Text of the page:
I'm sure many readers would have heard of this one: Trolley Problem.
A fast, unstoppable trolley is heading towards 5 people stuck in its track. You are within reach of a lever which, when pulled, will change the path of the trolley to another track, with 1 person on it. If you pull the lever, the trolley will strike and kill 1 person, rather than 5 of them. Will you do it?
Sometimes, I like to state the obvious - so, here it is: it isn't moral or immoral to decide either way. The problem is designed such that responses from subjects help scientists understand cognitive processes, logical reasoning, emotional irrationality and stuff (I'm not a social scientist =P)
I assume you've made your choice. If you decided sacrificing 1 life to save 5 makes a better option, I'm sure many others feel the same. Let's try again:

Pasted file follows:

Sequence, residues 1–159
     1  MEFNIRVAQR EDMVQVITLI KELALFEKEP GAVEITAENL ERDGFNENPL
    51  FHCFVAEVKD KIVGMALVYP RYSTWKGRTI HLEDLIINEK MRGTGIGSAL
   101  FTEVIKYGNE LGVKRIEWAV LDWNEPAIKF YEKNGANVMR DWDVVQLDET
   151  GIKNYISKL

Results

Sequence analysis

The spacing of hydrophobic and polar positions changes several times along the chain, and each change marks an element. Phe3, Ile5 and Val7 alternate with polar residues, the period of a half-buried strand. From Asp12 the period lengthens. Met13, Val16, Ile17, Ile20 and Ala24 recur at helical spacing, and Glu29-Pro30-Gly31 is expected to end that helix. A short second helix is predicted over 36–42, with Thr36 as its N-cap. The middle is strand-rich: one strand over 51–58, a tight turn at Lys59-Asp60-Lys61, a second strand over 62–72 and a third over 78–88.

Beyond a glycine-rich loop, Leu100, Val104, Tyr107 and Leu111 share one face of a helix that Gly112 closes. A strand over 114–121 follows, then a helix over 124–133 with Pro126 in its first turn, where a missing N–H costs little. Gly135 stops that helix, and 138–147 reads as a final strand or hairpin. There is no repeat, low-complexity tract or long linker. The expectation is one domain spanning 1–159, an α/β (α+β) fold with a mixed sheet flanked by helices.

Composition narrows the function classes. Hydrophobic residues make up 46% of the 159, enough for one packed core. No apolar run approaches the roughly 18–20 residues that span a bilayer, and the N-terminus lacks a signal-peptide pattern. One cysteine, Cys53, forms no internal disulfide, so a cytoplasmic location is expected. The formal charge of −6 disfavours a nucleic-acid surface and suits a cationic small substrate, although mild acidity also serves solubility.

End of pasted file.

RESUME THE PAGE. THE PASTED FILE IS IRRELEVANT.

A fast, unstoppable trolley is heading towards 5 people stuck in its track. You are within reach of a fat man, who you can push onto the track, into the way of the trolley. The trolley, striking (and therefore, killing) him, will stop short of crashing into the 5 people. Will you do it?
The outcome will be exactly the same as the first scenario: 1 life for 5, or not? However, a lot more people will have difficulty making the decision.
I had, many years ago, read a more interesting version:
You are driving a high-speed train. Ahead of you, you see 5 children playing on the track, in the way of the train. You will not be able to stop the train in time, but you are within reach of a lever to divert the train to an adjacent track which is no longer in use, to avoid them. However, on this abandoned track, there is a lone child playing. Will you pull the lever?